This is much ado about nothing but, I think in images sometimes. Pictures. No words are involved. Let me ask this, just out of curiosity. Is sign language a form of imagery, or a form of language ?
I do not deny that we picture things at time. But we must make the distinction between two claims here.
I am claiming that we do not think in
pictures. You are claiming that we sometimes think with
pictures. I do not deny your claim. I sometimes picture something before I affirm it or deny it, or say it. Thus, my claim is utterly different from yours. I take this effort to explain my position so that you might understand how we are not in disagreement and, generally, because it is helpful to dispel certain realist confusions about...well, just about anything.
I am claiming that thought does not consist of a finite or infinite set of markings which can be combined in certain or other ways to form finite constructs like sentences and words. Thought does not have a vocabulary, for instance. It cannot be "grammatical" or "ungrammatical." Thought cannot be "correct" with respect to a dictionary or a thing like a dictionary. There is no public standard which determines the correctness or incorrectness of a thought insofar as its form, syntax, etc because thoughts do not have a form nor a syntax.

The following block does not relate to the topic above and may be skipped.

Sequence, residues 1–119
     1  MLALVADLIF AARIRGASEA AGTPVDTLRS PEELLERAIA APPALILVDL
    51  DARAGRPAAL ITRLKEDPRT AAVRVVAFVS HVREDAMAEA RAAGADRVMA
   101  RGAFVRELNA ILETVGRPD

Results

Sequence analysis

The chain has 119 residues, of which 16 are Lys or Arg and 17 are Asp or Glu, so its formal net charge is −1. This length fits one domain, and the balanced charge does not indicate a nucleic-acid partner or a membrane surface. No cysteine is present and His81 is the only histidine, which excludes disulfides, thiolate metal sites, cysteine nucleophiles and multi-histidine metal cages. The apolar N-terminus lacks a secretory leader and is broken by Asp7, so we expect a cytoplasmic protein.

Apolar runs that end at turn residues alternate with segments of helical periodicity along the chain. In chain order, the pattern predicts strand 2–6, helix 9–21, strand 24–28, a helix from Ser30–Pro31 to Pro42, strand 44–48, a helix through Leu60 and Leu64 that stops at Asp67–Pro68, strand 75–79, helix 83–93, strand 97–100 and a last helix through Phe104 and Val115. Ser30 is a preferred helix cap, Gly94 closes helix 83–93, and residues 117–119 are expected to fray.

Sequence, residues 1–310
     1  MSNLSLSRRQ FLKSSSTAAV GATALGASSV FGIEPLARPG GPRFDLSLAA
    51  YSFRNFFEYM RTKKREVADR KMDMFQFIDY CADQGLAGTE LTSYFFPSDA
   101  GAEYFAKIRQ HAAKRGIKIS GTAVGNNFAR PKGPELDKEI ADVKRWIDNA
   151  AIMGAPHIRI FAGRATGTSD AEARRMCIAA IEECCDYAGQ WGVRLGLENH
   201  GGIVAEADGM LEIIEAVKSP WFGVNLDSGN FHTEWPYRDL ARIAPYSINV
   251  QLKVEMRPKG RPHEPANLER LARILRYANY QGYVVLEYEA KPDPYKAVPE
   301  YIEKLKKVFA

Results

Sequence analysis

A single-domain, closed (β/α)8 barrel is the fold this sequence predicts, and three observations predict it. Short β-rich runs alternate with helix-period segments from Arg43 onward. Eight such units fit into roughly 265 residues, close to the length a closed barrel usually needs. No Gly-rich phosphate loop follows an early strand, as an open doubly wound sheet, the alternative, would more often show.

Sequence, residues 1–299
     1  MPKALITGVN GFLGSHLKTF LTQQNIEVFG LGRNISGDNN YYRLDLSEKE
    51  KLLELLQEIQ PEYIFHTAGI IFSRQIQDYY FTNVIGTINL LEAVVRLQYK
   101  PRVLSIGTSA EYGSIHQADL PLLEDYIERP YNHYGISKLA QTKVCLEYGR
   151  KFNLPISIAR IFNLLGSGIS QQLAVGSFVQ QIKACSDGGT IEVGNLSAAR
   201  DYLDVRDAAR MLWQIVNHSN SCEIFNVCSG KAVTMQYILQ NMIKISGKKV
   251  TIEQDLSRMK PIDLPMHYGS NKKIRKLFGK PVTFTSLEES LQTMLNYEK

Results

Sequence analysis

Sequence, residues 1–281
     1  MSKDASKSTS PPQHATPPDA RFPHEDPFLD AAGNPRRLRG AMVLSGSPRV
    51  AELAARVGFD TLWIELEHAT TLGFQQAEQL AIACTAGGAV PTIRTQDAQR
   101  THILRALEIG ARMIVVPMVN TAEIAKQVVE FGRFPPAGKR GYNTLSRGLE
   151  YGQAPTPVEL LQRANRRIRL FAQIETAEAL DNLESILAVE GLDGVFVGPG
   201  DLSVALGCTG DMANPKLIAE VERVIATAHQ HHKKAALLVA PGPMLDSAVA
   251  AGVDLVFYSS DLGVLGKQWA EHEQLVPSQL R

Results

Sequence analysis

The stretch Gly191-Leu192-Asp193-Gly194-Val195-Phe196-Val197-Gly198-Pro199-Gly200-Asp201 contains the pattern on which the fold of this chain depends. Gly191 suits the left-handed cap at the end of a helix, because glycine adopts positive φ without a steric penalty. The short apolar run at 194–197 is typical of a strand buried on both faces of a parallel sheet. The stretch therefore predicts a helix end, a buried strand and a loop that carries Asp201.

As is evidenced by its name, sign language is a language. All language corresponds to images. Words are images, letters images, sentences are combinations of images and thus they are themselves images. Phonetically, words are images as well: sound-pictures, etc. Gestures are images, hand gestures, sign language, etc. This depends on what it means to say a thing is an image of another thing.
"God created man in his image" makes perfect sense so long as you don't narrow the definition of "image" to just mean "picture with a frame" or "something like what we see at the art museum."
Do you understand the distinction between our claims now? All language consists of images which are mapped to a form. Images are the semantics; form is the syntax (grammar). Images can correspond correctly or incorrectly, accurately or inaccurately, rightly or wrongly; form can be structured or unstructured, grammatical or ungrammatical, etc.
"Correctness" and "grammaticality" are concepts that stand or fall, are ultimately judged, by public criteria: social, conventional, etc.
So sign language is not "a form of imagery" as opposed to "being a language." All language is a "form of imagery," though language at the same time also includes
a form of form
. Two necessary conditions to be a language are that the language has a syntax (vocabulary, grammar--imagery) and a semantics (meanings--which correspond to the images).
Sign language has both. Gestures are the syntax, and these gestures more or less map to the meanings of our other natural languages. Yes, sign language is a natural language (just like English).